Get a demo Do I subscribe? News sign-up
Download PDF
Print

Amazon to launch retail services in Australia

News, 21 April 2017
Topics

SYDNEY: Amazon, the e-commerce giant, has said it will expand its offering in Australia to include retail services with "low prices, vast selection, and fast delivery" later this year.

It is currently looking for a warehouse to repurpose as a fulfilment centre, the Sydney Morning Herald reported, with Sydney, Melbourne and Brisbane all possible locations.

The company already has a presence in the country through its Amazon web services, which launched in 2012.

"We launched a Kindle store on amazon.com.au in 2013 and we now have almost 1,000 employees in the country," Amazon said. "The next step is to bring a retail offering to Australia, and we are making those plans now."

It also stressed job opportunities, the empowerment of small business, and "millions of dollars" of long-term investment.

Though it has released no fixed timetable for the expansion, Business Insider suggests that some services could arrive as soon as July.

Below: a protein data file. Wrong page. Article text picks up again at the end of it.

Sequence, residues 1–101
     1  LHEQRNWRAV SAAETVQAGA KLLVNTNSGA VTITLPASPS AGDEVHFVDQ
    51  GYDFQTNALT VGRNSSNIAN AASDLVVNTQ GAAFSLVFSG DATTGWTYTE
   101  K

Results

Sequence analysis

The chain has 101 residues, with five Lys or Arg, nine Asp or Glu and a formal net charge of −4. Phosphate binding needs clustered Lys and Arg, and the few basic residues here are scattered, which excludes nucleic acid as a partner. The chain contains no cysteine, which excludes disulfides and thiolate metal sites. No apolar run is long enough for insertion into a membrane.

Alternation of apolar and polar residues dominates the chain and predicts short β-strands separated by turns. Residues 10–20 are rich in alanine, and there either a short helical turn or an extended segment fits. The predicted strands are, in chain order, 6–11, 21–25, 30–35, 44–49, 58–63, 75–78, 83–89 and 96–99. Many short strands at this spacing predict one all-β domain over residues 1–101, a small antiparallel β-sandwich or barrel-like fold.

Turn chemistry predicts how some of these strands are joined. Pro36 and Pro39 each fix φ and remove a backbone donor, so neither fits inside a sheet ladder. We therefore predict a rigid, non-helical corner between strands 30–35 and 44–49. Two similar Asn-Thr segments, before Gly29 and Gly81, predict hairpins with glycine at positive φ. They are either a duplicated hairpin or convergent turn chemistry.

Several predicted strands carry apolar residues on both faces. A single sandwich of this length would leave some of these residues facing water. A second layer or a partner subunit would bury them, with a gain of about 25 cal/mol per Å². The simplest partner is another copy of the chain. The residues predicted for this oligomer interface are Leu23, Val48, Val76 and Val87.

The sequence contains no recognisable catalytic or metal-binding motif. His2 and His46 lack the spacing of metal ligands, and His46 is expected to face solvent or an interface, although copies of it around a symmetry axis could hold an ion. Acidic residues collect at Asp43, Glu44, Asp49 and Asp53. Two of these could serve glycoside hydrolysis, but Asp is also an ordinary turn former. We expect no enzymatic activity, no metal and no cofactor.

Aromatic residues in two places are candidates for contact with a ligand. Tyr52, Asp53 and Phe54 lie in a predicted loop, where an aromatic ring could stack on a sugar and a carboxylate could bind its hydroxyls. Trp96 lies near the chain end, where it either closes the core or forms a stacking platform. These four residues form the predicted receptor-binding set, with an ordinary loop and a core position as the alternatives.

According to analysis by Morgan Stanley, Amazon already enjoys $1 billion in sales by overseas shipment to Australia, in addition to its web services sales, including Amazon Prime streaming and ebooks through the Kindle Store.

Figures from the National Australian Bank show a keen appetite for online retail in the country, as consumers spent around $20bn online in the 12 months to June 2016, a year on year increase of 13.5%.

"We are optimistic that by focusing on the things we believe customers value most – low prices, vast selection and fast delivery – over time we'll earn the business of Australian customers," the company said.

Analysis by Credit Suisse last month showed that Amazon is likely to attain more than 5% market share in a number of retail categories within five years. This spells difficulty for many Australian retailers, who have relied on a beneficial cost structure.

"Amazon is likely to cause a fall in prices in some categories that either generate excess profit or where the existing Australian cost structure is excessive – excess profit and excess cost both being reduced," Credit Suisse said.

Data sourced from Sydney Morning Herald, Business Insider, Financial Times; additional content by WARC staff

Topics